Election 2017: Familiar names fill out school board ballot
WESTPORT— There won’t be a contested race for a seat on the Board of Education in November’s municipal election, but several familiar faces will have a chance to reassert their priorities for the district.
Incumbents Elaine Whitney and Candi Savin, Democrats, and Karen Kleine and Jeannie Smith, Republicans, are on the ballot in the uncontested election. All four are guaranteed spots on the seven-member board.
Republican Vik Muktavaram, whose four-year term is set to expire in 2019, is running for the Board of Finance and, should he be elected, will leave a vacancy to be filled by the board following the election.
“This happens not infrequently,” said Board of Education Chairman Michael Gordon. “When a Board of Education member resigns in the middle of a term or is elected to another post, the Board of Education appoints a new member.”
The new member must be from the same party as the member who resigned and is appointed with the help of either the Republican Town Committee or Democratic Town Committee.
Whitney is a former chairman of the board and is currently secretary. She’s served on the school board for eight years and was also named to the Connecticut Association of Boards of Education. In her 17 years living in Westport, Whitney was co-president of the Long Lots Parent Teacher Association, a member of the Westport Rotary Club and a Girl Scout leader.
She graduated from Yale University, received her Master of Business Administration degree from Northwestern University and is a strategic planner in the health care field.
Fellow Democrat Savin is an attorney whose practice is located in Westport. She earned a bachelor’s degree in international studies from Johns Hopkins University and a law degree from Duke University.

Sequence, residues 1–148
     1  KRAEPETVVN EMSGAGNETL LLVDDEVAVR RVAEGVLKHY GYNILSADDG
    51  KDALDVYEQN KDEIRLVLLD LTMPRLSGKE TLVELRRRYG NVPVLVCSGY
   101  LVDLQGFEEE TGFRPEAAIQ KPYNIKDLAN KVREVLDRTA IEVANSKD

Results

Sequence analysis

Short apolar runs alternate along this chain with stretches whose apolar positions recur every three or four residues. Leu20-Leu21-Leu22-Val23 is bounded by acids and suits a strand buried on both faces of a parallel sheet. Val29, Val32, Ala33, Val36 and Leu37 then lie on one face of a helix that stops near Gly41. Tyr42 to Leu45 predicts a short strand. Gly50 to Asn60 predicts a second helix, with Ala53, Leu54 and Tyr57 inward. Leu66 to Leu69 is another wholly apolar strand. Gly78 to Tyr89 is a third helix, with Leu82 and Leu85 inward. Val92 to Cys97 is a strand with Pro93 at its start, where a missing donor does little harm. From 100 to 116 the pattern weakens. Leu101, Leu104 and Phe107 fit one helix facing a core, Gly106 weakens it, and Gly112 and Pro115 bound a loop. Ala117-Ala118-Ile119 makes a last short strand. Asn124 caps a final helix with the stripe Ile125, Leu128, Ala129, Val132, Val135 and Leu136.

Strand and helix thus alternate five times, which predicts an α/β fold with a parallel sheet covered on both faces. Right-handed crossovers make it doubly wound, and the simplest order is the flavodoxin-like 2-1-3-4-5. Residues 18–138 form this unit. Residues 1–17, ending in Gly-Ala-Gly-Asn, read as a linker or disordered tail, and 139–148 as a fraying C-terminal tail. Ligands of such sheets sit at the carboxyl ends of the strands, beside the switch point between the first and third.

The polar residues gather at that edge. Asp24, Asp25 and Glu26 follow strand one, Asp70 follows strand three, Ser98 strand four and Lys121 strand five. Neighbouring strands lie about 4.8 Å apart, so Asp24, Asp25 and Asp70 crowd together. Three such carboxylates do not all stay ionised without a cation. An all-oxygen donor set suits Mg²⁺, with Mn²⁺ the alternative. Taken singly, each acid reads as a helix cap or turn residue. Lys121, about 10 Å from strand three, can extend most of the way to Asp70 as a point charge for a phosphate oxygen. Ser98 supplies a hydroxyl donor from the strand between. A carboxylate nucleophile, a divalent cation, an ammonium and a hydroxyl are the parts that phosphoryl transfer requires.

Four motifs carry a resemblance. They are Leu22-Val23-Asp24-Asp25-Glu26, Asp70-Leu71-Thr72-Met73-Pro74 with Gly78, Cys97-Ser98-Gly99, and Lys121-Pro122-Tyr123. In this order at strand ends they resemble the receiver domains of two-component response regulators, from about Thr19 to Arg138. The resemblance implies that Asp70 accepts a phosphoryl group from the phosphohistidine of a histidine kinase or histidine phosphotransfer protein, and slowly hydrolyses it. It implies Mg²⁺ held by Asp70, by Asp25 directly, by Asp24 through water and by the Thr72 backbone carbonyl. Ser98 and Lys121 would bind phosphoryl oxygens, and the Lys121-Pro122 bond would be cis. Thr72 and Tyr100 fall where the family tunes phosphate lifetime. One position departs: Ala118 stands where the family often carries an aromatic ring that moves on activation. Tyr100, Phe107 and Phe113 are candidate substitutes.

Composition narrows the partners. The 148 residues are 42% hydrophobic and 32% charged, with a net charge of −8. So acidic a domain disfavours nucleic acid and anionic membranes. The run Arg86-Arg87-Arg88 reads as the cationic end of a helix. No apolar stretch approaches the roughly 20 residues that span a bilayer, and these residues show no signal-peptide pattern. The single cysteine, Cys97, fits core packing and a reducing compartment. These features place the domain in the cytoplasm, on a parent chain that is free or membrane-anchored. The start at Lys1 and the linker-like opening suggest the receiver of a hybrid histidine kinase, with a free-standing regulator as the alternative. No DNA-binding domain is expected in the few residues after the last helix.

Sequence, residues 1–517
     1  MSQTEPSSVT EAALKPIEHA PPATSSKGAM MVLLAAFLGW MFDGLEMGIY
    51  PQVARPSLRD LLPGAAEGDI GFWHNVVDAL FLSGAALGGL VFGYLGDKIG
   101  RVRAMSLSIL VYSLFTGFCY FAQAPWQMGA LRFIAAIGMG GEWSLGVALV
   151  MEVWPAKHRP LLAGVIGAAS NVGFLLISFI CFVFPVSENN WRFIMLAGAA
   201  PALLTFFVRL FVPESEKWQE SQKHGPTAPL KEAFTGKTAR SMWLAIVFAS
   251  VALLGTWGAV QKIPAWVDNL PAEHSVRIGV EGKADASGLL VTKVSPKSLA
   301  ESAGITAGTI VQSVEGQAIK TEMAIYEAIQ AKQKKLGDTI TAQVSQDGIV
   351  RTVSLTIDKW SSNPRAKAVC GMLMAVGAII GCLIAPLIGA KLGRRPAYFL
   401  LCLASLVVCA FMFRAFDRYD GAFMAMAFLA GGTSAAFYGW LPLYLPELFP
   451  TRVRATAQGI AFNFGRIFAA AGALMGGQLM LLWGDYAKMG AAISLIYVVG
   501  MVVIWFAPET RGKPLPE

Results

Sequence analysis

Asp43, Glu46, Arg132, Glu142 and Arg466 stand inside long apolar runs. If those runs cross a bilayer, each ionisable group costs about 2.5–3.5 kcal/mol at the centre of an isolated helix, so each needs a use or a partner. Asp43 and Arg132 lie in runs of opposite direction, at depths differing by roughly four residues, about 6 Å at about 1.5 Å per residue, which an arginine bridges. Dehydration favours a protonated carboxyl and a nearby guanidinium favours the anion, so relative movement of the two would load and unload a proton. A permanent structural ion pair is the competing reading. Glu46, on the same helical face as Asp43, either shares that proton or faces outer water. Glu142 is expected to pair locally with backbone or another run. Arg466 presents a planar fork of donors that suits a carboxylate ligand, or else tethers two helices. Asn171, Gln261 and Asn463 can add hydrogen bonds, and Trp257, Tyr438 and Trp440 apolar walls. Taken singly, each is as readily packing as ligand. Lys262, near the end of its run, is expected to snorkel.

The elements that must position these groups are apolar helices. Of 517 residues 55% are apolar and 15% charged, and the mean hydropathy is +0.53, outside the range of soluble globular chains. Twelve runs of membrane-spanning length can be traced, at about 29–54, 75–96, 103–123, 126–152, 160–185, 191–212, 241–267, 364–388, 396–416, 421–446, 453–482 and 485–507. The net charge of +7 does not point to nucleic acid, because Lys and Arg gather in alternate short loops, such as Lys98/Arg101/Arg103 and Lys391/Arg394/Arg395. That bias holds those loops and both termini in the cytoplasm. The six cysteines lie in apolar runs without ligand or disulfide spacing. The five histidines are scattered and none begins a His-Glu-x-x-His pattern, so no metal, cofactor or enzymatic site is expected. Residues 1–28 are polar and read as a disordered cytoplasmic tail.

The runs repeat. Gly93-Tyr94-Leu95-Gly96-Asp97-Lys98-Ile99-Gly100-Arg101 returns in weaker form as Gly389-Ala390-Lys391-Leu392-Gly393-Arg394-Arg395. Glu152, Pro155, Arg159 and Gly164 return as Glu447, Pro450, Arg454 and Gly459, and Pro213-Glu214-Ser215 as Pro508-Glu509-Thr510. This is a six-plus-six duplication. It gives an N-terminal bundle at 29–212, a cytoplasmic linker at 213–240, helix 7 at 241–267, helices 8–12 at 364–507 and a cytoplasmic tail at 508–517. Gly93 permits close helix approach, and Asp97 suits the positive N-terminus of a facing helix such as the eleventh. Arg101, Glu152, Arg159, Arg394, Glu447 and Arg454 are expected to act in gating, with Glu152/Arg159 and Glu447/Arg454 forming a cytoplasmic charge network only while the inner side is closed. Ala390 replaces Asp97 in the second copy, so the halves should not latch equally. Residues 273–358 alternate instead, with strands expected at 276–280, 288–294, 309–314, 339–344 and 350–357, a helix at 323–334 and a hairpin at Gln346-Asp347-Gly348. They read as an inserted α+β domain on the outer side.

“From a legal point of view, the type of intellectual training and experience you have as an attorney serves you well in anything where you’re going to be making judgments, thinking analytically, synthesizing info and making arguments. In general I think it’s an advantage,” said Savin, who joined the Board of Education last year and has lived in town since 2002.
Among her top priorities for her upcoming term, Savin listed creating a budget that supports students, promoting the civility and emotional intelligence of the children and exploring the use of solar energy. The uncertainty surrounding the state’s budget, Savin said, is a primary cause of concern.
“Fortunately we live in a town that is in very good fiscal condition,” Savin said. “We’re in better position than most towns, but we still have to be vigilant and be careful with every dollar.”
Smith is currently vice chairman of the Board of Education and has served for five years. Before coming to Westport, Smith was a teacher and an economic consultant for 12 years and received her master’s degree in teaching from Fordham University.
Kleine has served on the Board of Education for four years and is a former Coleytown Middle School PTA president and is a state-certified Board of Education member. She’s been chairman of the Temple Israel Youth Commission, a member of the Westport Library Teen Planning Committee and the Temple Israel Religious School Committee. She received a bachelor’s degree from Dickinson College and has three children.
Smith did not respond to multiple requests for an interview, Whitney did not respond as of press time, and Kleine declined to comment for this story.